There were the changed caused by increasing costs of doing business, when the market was shrinking. That is, when the big boxes arrived - Wal-Mart, Home Depot, Lowe’s - they undersold local nurseries. They attracted the buyers who only cared about price. The local places, like the one that played games with its plants, were trying to keep their best customers who had established gardens and didn’t buy as much a year.

There were costs increased by corporate mergers, especially in seeds. I have old seed packets marked .29 from the 1970s and .69 from the late 1980s. Last year they were more like $1.29.

As with many things, the real price increase was hidden. What once might have had 350 mg was reduced to 200 mg while the face price increased a bit.

Now there’s only one company whose seeds are easily available, Lake Valley. For anything else, I have to pay shipping. That used to be just a bit above the state’s gross receipts tax. Now, it’s a good deal more. Every person who touches a product inflates the price to support their top managers. The value added tax has arrived in a stealth form.

Some costs have been kept artificially low by off shoring production. I’m up to 1999 in the data review. That was the first year a seed company noted their country of origin was Zimbabwe. Soon after, companies changed the definition of origin to mean where they bought the seed they repackaged. That often was Holland or Germany or France. No one knew where it was grown.

I remember when the company that bought Burpee bragged it was the only remaining American seed company. They were the ones who pioneered production in México and Central America. To them, American just mean the location of corporate headquarters.

There are still small companies in this country who grow their own seed. I happily pay their "shipping and handling" because their basic pricing is honest and quality depends on the vagaries of nature.

Last year I put in some new trees to edge the rebuilt driveway. Went I bought my last trees in the late 1990's the local, cheap hardware was selling them for about $17.00. Last year I paid more like $27.00. Neither were great quality. Often the ones sold here were quality rejects with poor grafts.

However, I had learned with trees and roses price wasn’t all that mattered. Droughts and winds were no respecters of quality. They killed everything. Because so few survived, and I had to buy so many to get some strong enough to survive I bought what was cheap and hoped I could manage the consequences of more grafts.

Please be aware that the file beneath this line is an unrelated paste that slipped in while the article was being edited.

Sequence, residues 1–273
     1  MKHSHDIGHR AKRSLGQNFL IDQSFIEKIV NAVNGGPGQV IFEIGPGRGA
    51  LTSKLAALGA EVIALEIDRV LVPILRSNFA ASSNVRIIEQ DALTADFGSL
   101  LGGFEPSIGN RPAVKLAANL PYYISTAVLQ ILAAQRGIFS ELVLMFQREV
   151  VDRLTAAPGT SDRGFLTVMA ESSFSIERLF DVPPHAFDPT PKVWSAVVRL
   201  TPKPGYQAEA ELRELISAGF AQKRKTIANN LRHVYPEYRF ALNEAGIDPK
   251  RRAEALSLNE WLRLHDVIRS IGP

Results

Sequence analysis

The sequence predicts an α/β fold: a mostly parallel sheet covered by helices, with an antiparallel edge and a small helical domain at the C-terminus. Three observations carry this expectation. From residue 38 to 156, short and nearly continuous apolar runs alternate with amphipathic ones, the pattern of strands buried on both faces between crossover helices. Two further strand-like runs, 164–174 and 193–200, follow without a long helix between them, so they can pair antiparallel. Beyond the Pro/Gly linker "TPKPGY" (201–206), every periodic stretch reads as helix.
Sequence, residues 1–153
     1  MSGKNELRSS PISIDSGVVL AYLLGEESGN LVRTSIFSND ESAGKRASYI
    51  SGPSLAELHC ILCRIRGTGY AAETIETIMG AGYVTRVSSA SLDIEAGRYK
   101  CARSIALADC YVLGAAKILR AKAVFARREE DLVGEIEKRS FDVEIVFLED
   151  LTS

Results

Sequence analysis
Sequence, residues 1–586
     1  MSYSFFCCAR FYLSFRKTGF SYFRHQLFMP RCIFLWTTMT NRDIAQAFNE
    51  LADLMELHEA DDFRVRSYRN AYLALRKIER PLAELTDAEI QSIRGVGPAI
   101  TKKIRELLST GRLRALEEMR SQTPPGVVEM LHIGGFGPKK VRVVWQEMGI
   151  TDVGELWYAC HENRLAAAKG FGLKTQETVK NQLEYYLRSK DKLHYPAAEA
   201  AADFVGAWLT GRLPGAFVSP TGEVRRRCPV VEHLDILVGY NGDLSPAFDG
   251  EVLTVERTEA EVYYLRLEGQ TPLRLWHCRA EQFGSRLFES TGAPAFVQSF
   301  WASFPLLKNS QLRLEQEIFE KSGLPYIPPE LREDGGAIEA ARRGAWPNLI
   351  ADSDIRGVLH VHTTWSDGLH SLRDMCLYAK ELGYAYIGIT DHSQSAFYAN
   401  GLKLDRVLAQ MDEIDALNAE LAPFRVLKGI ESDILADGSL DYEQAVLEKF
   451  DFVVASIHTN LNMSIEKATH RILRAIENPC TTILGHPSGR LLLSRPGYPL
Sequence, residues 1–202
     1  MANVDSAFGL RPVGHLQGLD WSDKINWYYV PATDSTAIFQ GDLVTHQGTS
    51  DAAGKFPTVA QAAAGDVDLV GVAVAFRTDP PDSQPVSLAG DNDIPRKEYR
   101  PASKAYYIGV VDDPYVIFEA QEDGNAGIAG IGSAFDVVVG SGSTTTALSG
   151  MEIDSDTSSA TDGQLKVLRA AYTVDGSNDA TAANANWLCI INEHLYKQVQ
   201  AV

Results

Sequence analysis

I had a dwarf cherry cut down last year that had reverted to root stock that was threatening the house. That’s one cost I didn’t factor in to my calculations.

Price isn’t the only thing I’m noticing. Looking through my notes on what killed plants may tell me when I finally conquered the grasshoppers and inhibited the rabbit. Both still exist, but aren’t as destructive.

I’ll also recover which were the wet winters and dry summers, the years of fire and winds. One’s swears one will never forget, but all I remember are they occurred. I no longer remember when. I care much more about those patterns of nature than I did when I started keeping records in 1995.

Photographs: Men in the area experiment with building fences from unusual materials. Most look good for a few years, then the weather and vehicles damage them. I love them, even when the are decrepit, as records of man’s imagination in the face of overwhelming challenges in the dry southwest.

1. Made from tires.

2-3. Stuccoed bales of straw and bamboo curtain.

4-5. Wood work

6. Glass bricks.

7. Retaining wall from rail timbers.

8. Fence made with the same techniques as #7.

9. The frame originally held a holy picture, the Madonna or our Lady of Guadalupe. There were three spaced along the side of the fence. They were paper encased in plastic.

No comments: